"There were a lot of broken bones," says Jason Chorak, recalling
growing up as one of three crazed Croatian-American brothers on
Vashon Island in Puget Sound, a 15-minute ferry ride from
Seattle. "When I was in fourth grade, we were playing football
in the backyard, and I fell on top of a rock pile. My brother
Pete jumped on top of me and broke my left arm. It was useless
for six months."
Jason sometimes kept his older brothers at bay by swinging a
telephone receiver overhead by the cord, like a bola. He
connected once--with himself, when the phone snapped back and
hit him in the face, accounting for a front tooth that is
chipped to this day. Yet the phone was a logical weapon for this
pass-rushing outside linebacker who loves to ring bells and
talks incessantly to opposing linemen.
"Jason has a...strong individual personality," says Washington
coach Jim Lambright, fumbling for a euphemism to describe
someone who is nuts. "He knows his role and jumps into it with
both feet." That role, Chorak says, is "to hit quarterbacks."
In 1996 Chorak had a school-record 14 1/2 sacks and was the
Pac-10 Defensive Player of the Year. A consensus preseason
All-America this year, he has three sacks for the 3-1 Huskies,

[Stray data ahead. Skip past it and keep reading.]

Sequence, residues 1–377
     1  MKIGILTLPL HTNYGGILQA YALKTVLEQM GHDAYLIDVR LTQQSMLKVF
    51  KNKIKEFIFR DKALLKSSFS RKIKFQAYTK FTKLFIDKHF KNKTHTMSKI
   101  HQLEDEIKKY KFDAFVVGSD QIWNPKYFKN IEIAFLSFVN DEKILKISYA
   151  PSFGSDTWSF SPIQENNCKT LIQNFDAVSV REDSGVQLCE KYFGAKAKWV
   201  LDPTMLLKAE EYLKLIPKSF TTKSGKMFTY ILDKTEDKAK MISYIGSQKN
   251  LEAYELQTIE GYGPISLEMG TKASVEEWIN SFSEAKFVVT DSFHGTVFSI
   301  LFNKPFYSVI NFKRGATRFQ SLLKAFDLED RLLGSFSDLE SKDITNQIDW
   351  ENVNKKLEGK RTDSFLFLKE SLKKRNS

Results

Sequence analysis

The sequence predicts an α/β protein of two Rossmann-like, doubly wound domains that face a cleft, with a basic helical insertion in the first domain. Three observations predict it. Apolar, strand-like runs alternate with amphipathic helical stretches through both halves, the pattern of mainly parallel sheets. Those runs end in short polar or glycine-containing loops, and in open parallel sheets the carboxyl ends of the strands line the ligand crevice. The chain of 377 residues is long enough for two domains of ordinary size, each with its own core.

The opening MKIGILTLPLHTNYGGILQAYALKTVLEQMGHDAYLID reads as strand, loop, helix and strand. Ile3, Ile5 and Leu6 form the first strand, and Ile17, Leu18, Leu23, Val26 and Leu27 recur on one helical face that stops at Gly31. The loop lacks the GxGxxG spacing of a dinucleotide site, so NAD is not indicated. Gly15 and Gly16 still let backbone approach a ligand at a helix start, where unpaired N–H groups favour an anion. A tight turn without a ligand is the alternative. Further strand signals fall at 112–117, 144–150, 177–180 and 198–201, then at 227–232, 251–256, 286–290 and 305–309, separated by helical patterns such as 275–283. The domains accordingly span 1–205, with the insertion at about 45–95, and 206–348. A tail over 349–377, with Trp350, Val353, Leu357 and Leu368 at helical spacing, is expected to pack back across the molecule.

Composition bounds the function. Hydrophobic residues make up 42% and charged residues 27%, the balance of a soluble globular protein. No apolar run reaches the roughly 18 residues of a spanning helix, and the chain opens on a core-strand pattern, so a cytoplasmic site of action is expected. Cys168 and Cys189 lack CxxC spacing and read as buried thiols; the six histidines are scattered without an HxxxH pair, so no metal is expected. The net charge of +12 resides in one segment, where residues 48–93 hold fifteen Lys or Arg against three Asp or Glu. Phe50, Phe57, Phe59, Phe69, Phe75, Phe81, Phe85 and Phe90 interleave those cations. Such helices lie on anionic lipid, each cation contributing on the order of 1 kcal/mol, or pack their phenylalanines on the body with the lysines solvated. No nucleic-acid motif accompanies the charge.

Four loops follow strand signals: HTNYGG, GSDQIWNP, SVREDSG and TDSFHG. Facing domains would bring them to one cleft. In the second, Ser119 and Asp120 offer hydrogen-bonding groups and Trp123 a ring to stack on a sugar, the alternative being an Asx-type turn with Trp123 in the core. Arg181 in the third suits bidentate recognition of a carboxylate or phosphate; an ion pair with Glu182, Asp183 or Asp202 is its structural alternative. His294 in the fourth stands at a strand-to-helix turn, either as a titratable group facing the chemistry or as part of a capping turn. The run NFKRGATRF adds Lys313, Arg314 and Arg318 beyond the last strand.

two of which came in Washington's 26-14 victory over visiting
Arizona State last Saturday.
But Chorak recognizes that football is not war--because he has
seen what real war can do. In the 1960s his parents, Pete and
Neja, immigrated to the U.S. from Croatia. Jason has twice
traveled to his ancestral homeland, most recently in the summer
of '96, where he visited relatives whose lives were ravaged by
the fighting in the former Yugoslavia. "The only thing those
people ever knew was hard work," says Chorak, "and then they saw
everything they worked for destroyed in the war."
Which is why the Choraks find any excuse they can to host
raucous reunions for their large extended family in the Seattle
area, and occasionally for relatives from Croatia. "We roast
pigs and lambs," says Jason, 23. "We drink a lot of booze and
sing Croatian songs." The focus of such get-togethers is the
Islander, the family-owned restaurant on Vashon Island that
specializes in the feisty Neja's gargantuan pancakes. They are
the size of LP records, larger than the plates on which they are
served, and Jason--who is 6'4" and 255 pounds--insists nobody,
not even he, has ever consumed an entire stack of three. "I've
got to give my mom a lot of credit for making me as big as I
am," he says. "But I can't eat the pancakes. I go for the
Across the street from the Islander is the Sportsman's Inn, a
cafe owned by big brother Peter, now 28. The middle Chorak
brother, 25-year-old Mario, is a University of Kentucky dental
student who aspires to one day repair Jason's chipped tooth. In
a recent Huskies game program Mario is quoted speaking fondly of
his brother: "I'll always remember him as a snot-nosed little
kid. But I guess it's a good thing he doesn't hold a grudge. He
would snap me like a twig today."
Jason, though, would never mix it up with his brothers these
days. "My mom," he notes gravely, "could take us all."